Are you in the market for a new water heater? Are you thinking about going tankless? If your answer is yes, then you have probably heard about its energy-saving features. But, before you run out and buy one, make sure you know the facts as there’s a lot more to know. Here are six things about tankless water heaters to consider before installation.
Image via Flickr by 401(k) 2013
One of the first things to consider when comparing traditional water heaters with tankless water heaters is their difference in cost. Prices range anywhere from the low $200s to over $3,000, and that does not include installation costs. Plus, you get what you pay for — don’t expect a $200 tankless water heater to supply enough hot water for a large home quickly.
Tankless water heaters are ideal for homes that do not need multiple hot water sources running at the same time. If you want to multitask with a tankless water heater, consider purchasing a larger unit to make sure there is enough hot water to meet your needs. Additionally, be aware that water temperatures may fluctuate as the heating coils keep up with the output of water.
Storage Tank Option
Although many people like tankless water heaters because of their lack of tank, it is important to consider whether you want a water storage tank. If you like having instantaneous hot water, or you plan on multitasking, you will want to think about adding a storage tank. Storage tanks vary in size and accommodate a range of needs.
It is only natural to want to save money, and Energy Star statistics state that a tankless water heater will save you an average of $95 per year compared to an energy-saving conventional water heater that can save you $20 per year. Although that may not seem like a large savings, it amounts to approximately $1,500 more saved over a lifetime.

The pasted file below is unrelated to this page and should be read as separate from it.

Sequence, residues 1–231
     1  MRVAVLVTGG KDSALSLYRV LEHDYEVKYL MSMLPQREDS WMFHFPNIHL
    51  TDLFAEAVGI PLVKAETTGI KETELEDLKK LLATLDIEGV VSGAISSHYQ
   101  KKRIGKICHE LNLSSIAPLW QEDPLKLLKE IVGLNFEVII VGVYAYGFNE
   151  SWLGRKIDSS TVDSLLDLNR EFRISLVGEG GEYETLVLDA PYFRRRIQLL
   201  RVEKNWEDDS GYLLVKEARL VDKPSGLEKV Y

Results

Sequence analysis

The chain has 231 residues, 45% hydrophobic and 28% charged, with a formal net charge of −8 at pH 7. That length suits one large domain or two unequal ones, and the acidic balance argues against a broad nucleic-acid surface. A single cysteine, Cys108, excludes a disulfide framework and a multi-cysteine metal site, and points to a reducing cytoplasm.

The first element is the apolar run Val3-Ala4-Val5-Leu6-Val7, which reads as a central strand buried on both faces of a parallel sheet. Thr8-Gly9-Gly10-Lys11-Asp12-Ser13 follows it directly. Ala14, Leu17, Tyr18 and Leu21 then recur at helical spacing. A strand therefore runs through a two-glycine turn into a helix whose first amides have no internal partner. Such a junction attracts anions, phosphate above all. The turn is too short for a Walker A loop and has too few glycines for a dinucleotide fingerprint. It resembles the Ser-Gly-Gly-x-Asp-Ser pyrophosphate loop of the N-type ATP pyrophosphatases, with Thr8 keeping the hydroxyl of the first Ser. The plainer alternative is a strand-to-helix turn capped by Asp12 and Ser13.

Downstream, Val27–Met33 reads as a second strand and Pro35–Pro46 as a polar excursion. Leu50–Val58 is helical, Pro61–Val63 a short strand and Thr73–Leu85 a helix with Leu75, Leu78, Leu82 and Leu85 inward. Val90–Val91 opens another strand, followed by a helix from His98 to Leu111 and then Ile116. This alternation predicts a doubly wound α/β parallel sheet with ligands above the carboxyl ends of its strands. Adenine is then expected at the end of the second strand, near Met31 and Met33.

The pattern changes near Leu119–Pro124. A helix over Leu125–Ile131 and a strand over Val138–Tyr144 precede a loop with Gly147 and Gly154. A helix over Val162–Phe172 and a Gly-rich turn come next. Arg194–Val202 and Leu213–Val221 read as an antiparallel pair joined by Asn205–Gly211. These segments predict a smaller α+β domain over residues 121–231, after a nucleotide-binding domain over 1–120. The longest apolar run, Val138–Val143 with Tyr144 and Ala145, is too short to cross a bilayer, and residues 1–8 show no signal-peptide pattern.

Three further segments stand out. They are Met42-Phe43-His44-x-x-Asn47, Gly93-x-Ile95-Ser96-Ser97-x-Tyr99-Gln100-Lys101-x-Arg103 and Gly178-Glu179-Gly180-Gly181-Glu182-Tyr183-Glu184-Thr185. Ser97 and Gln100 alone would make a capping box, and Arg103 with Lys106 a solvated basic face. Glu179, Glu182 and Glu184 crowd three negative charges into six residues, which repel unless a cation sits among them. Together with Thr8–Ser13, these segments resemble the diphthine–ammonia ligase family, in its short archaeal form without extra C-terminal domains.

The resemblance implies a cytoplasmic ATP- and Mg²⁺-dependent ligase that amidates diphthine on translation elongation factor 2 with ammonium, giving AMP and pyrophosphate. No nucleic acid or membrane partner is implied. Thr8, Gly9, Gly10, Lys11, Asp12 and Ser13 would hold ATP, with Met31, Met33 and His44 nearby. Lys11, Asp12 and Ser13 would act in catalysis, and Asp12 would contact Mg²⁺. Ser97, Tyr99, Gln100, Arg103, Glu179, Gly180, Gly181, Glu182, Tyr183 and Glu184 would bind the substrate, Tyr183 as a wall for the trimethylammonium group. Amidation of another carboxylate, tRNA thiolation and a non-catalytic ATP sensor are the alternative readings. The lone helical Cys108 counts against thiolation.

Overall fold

A newer trend among builders and homeowners is to maximize every square foot of a home. Not that there was a ton of wasted space in the past, but spaces such as under the stairs, utility closets, and garage space are now optimized for use. A standard water heater requires several square feet of space both in diameter and in height for it to exist. However, a tankless water heater is wall mounted and leaves plenty of room for you to use the extra space for storage or other utility. Plus, if you are looking to sell your home and you have a tankless water heater, you have more usable space, which increases the value of your home.
Tankless water heaters have many more parts than traditional water heaters. What does this mean? There is the potential for more repairs and thus more repair costs. You may say “that’s no big deal because the warranty will cover it,” but are you sure? Many companies are not offering warranties on these products because they haven’t been around long enough to know how long they will last, and many manufacturers are out of business before a repair is needed.
So ask yourself, “Am I going to save more money in energy savings than I am going to spend on repairs?” If the answer is yes, great. If the answer is no, then you have to base your tankless water heater decision on the other factors.
As you can see, there is a lot to consider when choosing whether to install a tankless water heater. Don’t make this decision based on product hype — know the facts, and base your decision on what is best for your home.
Featured photo credit: Image via Flickr by 401(k) 2013 via flickr.com
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